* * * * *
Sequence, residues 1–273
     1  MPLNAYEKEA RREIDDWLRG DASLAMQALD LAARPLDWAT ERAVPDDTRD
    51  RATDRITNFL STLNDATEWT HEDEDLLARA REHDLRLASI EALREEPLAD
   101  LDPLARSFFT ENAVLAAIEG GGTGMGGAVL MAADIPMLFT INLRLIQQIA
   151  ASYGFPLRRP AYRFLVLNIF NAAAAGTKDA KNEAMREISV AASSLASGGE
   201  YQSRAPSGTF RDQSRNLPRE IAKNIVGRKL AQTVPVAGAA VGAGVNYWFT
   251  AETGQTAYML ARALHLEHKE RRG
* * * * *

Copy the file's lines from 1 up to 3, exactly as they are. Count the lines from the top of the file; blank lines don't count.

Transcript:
Sequence, residues 1–273
     1  MPLNAYEKEA RREIDDWLRG DASLAMQALD LAARPLDWAT ERAVPDDTRD
    51  RATDRITNFL STLNDATEWT HEDEDLLARA REHDLRLASI EALREEPLAD